We set our minds on the reading from Acts today, particularly 10:34–38, with a devotion from Popular Commentary of the Bible: New Testament, Volume 1.
1 John 5:1–8
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Under such ideal conditions, with an attentive, eager audience, it must have been an unusual pleasure to preach the Gospel. And Peter made the most of the occasion. Solemnly he began his address by stating that he now of a truth comprehended and understood fully that God is not a respecter of persons, literally, that He does not look upon the face of people. The outward face, form, and bearing of people do not influence the judgment of the Lord. In every nation of the world he that truly fears the Lord, that has his heart turned to Him in confident faith, and performs righteousness, shows by his entire manner of living that the fear of the Lord actuates him in all his doings, he is acceptable to God.
This inclusive statement swept aside the confining bonds of the Mosaic covenant, and proved to be the keynote of the entire mission-work of the Church from that time forth. The reception of the salvation merited by Jesus Christ is no longer conditioned by nationality, but by the condition of the heart. The call to redemption is extended to all men, regardless of color, race, and language.
After this great introductory, fundamental truth had been stated, Peter could launch forth into his favorite subject, the Gospel of Jesus Christ. He told his hearers that they already knew three facts.
They knew the Word which had been sent to the children of Israel as a Gospel-message from God, bringing the good and glorious news of peace through Jesus Christ. The latter Peter, in a parenthesis, distinguishes from the ordinary prophets and apostles, the servants of the Word, as the Lord over all, thus declaring His deity.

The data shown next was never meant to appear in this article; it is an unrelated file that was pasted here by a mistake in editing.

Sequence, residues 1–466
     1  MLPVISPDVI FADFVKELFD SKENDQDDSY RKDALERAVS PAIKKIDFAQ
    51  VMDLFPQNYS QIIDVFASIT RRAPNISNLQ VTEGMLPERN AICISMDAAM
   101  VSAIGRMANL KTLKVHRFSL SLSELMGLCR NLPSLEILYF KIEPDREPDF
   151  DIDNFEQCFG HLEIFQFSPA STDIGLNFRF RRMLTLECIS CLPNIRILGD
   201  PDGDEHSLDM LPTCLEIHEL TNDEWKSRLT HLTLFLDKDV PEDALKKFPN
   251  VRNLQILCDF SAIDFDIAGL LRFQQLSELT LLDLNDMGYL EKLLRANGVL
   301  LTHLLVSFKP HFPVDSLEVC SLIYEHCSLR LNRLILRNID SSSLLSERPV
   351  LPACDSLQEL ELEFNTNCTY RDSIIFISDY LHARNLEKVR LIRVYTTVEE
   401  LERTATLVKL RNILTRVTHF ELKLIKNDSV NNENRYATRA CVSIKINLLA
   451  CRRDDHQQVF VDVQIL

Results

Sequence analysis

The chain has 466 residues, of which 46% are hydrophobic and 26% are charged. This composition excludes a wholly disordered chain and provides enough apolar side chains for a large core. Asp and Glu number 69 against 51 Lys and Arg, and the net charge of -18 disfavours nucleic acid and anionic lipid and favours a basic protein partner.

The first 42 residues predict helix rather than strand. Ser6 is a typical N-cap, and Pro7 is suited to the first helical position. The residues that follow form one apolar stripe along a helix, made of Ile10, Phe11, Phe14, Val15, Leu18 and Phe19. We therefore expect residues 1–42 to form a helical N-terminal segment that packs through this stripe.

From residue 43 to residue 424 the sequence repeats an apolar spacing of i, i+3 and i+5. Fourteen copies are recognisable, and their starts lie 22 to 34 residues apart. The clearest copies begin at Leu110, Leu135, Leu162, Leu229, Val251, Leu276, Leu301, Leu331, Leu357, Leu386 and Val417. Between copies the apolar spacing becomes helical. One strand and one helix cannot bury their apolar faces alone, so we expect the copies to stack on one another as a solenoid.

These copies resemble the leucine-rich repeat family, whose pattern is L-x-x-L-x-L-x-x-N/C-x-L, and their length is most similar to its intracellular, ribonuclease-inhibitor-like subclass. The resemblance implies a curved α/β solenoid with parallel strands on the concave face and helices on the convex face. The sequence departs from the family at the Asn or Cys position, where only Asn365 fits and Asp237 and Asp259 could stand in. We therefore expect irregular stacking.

They furthermore knew, he tells them, the historical fact that the Word concerning Jesus was made known, published, by Himself, in His prophetical ministry, beginning from Galilee, after the baptism which John preached.
And they finally knew about the person of Jesus Christ of Nazareth, namely, that God Himself anointed Him with the Holy Ghost and with power, who then traveled through the country doing good, performing miracles as the Benefactor of mankind, and healing all those that were kept in subjection by the devil, as the Lord and Master, before whom the spirits of darkness must bow; for God was with Him. These facts, with which his hearers were familiar in whole or in part, Peter impresses upon them as facts whose knowledge is necessary for salvation. Note that Peter emphasizes the deity of Jesus also in the last statement, which says that the two unchanged natures are united in the person of Christ.
Devotional reading is from Popular Commentary of the Bible: New Testament, Volume 1, page 586 © 1921 Concordia Publishing House. All rights reserved.